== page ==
Trisha C.  – “The biggest challenge for Dominic is staying focused on one assignment at a time. He likes to attempt to do several at once and sticking to a schedule has been a big help.”

Aileen M.  – “Sometimes technical challenges arise due to a bad internet day, or a power outage – and because Lionel is super busy, sometimes getting everything turned in before a progress check ends has proven challenging. Organization has always been the key to getting it all done – or asking for help from the counseling office. Organization has been a learned skill though, as it doesn’t come naturally to Lionel.”


Do you have any advice to family’s who are considering switching to a cyber-school?

 Rasheena P.  – “If your child is very independent and self-sufficient this is the right program for them.”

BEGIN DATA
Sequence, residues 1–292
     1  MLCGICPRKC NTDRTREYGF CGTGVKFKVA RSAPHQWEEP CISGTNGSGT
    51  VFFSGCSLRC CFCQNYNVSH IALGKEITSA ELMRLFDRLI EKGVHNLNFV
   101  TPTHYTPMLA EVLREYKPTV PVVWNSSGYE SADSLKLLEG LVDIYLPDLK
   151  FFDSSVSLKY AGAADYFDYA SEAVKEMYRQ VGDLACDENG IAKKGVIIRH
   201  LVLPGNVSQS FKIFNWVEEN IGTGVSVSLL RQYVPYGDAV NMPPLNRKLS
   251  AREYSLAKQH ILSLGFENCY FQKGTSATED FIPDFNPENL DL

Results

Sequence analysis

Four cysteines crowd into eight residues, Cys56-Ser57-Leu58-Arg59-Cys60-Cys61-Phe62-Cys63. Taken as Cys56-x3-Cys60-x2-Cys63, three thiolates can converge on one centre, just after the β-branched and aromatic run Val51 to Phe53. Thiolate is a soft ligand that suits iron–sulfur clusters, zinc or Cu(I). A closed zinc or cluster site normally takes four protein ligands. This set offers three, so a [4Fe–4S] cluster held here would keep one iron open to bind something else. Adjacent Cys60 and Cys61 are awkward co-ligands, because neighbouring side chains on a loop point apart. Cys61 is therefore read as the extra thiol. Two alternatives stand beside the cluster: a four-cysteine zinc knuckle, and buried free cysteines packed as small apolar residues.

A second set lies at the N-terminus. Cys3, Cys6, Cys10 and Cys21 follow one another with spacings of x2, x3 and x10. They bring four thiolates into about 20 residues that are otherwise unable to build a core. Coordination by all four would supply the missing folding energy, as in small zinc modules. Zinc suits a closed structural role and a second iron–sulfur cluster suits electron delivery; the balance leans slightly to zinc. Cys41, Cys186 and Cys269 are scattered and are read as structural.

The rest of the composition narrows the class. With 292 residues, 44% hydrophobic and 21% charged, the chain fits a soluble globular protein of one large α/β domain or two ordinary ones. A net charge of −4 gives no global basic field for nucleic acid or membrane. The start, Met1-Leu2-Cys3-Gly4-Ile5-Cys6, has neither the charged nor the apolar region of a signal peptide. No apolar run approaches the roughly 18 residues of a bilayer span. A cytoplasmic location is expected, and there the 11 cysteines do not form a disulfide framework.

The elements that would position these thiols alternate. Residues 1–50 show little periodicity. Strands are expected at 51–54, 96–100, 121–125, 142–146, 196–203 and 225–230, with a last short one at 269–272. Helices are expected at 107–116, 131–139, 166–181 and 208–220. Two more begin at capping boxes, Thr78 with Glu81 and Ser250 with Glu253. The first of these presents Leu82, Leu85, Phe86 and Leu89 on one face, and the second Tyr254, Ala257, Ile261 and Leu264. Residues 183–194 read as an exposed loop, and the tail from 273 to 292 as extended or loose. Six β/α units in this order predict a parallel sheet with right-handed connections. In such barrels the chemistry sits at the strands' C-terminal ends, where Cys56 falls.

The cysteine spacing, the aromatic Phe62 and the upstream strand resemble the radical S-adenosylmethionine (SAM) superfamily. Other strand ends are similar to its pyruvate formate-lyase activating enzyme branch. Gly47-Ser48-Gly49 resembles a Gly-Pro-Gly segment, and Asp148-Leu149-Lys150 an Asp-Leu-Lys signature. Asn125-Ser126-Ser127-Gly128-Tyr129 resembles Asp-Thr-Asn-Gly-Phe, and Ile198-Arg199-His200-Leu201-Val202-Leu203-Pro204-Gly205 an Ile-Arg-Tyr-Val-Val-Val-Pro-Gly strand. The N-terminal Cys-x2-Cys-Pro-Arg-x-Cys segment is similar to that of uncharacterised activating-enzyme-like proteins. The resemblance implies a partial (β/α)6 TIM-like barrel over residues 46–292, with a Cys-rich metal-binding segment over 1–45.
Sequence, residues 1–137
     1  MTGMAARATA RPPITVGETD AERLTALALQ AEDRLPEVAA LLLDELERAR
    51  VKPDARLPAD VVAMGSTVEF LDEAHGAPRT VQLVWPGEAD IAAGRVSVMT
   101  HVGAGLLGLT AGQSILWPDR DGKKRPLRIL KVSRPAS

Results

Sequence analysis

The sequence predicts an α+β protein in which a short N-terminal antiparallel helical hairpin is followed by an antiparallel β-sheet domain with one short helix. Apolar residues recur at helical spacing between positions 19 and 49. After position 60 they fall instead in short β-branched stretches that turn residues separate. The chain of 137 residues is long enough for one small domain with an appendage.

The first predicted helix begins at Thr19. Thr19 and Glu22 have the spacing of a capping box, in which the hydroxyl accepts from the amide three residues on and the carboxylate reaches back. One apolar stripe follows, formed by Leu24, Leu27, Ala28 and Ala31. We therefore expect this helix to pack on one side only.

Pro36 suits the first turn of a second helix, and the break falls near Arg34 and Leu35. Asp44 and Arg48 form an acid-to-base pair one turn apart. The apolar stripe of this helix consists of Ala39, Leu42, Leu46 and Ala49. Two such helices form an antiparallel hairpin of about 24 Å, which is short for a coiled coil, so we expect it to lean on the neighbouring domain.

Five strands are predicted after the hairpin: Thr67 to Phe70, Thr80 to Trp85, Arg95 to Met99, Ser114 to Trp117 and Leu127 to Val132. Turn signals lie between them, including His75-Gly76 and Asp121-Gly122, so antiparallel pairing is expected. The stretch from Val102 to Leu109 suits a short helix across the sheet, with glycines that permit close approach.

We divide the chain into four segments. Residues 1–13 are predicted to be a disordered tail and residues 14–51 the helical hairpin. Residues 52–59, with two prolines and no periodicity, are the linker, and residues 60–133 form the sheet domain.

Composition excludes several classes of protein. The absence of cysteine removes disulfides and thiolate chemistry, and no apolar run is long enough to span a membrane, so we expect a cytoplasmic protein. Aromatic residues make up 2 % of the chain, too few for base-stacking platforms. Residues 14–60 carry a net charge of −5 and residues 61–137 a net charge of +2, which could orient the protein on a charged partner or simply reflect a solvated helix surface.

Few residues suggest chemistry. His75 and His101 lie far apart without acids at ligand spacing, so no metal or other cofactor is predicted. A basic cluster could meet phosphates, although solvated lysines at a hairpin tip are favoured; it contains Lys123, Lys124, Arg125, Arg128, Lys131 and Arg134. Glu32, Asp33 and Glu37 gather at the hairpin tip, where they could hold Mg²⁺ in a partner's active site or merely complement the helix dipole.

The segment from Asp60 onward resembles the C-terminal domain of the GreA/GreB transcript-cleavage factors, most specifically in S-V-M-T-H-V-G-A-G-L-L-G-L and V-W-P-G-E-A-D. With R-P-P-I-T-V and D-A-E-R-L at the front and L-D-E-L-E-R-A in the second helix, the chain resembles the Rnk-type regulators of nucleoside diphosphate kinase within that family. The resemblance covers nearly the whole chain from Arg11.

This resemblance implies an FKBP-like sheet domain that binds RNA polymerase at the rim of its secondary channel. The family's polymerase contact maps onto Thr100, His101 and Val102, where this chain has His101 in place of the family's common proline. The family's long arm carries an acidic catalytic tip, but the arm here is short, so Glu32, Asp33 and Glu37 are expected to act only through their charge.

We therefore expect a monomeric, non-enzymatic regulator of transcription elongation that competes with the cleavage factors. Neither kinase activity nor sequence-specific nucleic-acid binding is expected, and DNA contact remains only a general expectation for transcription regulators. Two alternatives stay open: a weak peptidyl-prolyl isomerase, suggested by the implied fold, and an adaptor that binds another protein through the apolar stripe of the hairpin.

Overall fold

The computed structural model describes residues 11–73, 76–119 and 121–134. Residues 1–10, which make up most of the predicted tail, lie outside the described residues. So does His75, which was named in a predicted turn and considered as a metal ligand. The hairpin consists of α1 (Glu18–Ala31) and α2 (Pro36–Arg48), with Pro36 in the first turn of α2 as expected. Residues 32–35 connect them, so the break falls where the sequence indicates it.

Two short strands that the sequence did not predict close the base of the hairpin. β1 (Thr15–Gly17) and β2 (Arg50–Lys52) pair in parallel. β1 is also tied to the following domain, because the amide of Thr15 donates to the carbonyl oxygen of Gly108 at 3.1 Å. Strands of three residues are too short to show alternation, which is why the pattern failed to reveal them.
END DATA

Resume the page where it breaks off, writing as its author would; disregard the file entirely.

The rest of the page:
Trisha C.  – “The advice I would offer to new parents or students is to adhere to a school schedule and utilize the help classes and after school homework help. I think cyber school is a look into what college will be like.”

Fangqin J.  – “If your kid needs special education or just like Haozhou’s situation [professional musician], you really should switch to Cyber School.”

Lionel M.  – PALCS Student”Make sure you find lots of social opportunities outside of the cyber charter setting so that your child feels comfortable engaging in one on one, face to face communication. Take advantage of opportunities to get away from the computer and take “adventure” days – since schooling from home makes it possible to do that! The great thing about cyber schooling is that you can do it overlooking the beach, at the top of a mountain, or from your bedroom. If you have a play deadline in three days, you can take a break from school to finish it – and then jump back in and get all of the school done in time. There aren’t walls or boxes, so love the freedom of it all.”